Yes on Proposition 28

The idea of establishing term limits for state lawmakers in California has been around for more than two decades. This is still a solid notion, but it needs to be adjusted in order to provide the expected results. That is what Proposition 28 is all about.

In 1990, Californians voted in favor of Proposition 140. Voters were sick of the attitudes of some lawmakers who stayed in the Legislature for a long, indefinite period of time, giving the impression of having their own agenda that was completely disconnected from the wishes of their constituents. As a result, a term limit of 14 years was set, to be divided into six years in the California Assembly and eight in the Senate.

If we look at the results of this proposition during the past 20 years, we can see it did not yield the expected results. Instead of overstaying in office, lawmakers are now in each chamber for too short a period.

By the time lawmakers learn enough to manage their jobs and be efficient, for example in the Assembly, their term in that chamber is about to end. This gives excessive power to legislative advisors, who go from lawmaker to lawmaker, and to lobbyists, who are always around.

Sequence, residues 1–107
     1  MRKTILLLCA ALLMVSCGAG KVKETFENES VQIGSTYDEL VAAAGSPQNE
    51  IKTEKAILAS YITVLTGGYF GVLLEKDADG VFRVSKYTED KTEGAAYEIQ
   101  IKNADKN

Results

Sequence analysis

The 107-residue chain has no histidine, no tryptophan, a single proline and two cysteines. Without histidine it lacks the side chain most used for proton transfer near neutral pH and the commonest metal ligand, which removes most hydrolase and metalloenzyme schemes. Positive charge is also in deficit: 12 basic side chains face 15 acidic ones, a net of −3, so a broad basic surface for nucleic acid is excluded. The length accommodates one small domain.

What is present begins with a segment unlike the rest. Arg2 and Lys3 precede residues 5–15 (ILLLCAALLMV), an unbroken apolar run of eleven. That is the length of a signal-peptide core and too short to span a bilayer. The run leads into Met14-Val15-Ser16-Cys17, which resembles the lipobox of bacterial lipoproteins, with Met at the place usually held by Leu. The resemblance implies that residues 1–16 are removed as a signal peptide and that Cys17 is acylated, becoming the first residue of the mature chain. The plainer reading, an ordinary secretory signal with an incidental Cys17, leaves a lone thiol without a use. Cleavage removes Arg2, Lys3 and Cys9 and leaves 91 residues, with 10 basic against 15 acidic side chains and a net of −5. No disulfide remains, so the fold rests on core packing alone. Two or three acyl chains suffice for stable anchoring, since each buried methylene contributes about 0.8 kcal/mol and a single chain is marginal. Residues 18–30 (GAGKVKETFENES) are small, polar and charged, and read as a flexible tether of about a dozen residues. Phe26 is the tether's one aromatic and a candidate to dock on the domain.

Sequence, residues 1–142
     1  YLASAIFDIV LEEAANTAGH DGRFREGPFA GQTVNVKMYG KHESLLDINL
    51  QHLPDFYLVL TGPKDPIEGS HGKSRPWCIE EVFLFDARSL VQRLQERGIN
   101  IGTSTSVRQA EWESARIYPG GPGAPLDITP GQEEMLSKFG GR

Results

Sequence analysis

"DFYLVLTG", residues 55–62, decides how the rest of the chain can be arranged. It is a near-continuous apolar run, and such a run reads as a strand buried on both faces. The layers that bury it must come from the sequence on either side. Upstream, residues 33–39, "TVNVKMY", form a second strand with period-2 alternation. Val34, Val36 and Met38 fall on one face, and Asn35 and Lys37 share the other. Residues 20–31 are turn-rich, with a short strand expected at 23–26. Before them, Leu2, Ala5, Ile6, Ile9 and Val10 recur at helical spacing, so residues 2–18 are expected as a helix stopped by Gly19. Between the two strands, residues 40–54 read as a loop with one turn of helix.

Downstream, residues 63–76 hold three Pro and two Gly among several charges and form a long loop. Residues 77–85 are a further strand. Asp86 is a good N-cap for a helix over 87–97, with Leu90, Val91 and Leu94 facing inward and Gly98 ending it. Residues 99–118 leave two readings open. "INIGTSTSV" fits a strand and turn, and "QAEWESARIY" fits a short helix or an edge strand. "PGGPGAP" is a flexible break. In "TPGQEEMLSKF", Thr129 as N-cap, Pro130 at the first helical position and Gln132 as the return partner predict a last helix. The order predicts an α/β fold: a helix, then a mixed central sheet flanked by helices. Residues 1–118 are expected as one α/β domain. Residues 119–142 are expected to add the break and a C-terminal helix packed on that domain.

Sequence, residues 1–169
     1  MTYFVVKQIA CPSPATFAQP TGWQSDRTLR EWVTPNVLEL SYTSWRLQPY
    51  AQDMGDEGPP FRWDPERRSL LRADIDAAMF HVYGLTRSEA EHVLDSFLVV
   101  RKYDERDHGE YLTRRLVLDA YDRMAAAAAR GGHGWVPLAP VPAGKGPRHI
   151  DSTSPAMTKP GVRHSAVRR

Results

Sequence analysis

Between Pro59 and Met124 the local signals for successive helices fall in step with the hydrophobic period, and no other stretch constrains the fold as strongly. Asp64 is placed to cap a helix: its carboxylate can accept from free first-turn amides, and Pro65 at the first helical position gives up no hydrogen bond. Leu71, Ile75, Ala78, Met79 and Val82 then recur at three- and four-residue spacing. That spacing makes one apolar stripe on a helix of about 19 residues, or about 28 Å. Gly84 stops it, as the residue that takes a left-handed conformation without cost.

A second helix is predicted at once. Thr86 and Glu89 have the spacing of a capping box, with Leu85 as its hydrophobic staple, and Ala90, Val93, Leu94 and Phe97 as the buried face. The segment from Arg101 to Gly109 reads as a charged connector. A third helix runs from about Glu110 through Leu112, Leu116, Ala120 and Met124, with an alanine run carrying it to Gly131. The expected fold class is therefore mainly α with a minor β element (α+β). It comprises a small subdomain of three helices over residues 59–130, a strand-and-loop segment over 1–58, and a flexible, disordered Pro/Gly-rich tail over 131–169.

On the other hand, the current system that divides 14 years between both chambers encourages lawmakers from their first day in Sacramento to plan how to eventually get elected to a position in the other chamber, instead of tending to the concerns of the constituents that sent them to the Capitol.

Proposition 28 corrects these two problems, while maintaining the spirit of Proposition 140 of limiting the time lawmakers are in Sacramento. First, it reduces the total time lawmakers can be in office even further, from 14 to 12 years; second, it allows lawmakers to remain in the Assembly or the Senate for the entire time. Therefore, lawmakers remain for fewer years, but the possibility of them being more efficient in their jobs increases. They have more time and are not distracted by having to seek a new elected position and preparing for it.

We think the best way to defend the principle of establishing legislative term limits is supporting this initiative that improves upon the original idea. Vote yes on Prop 28!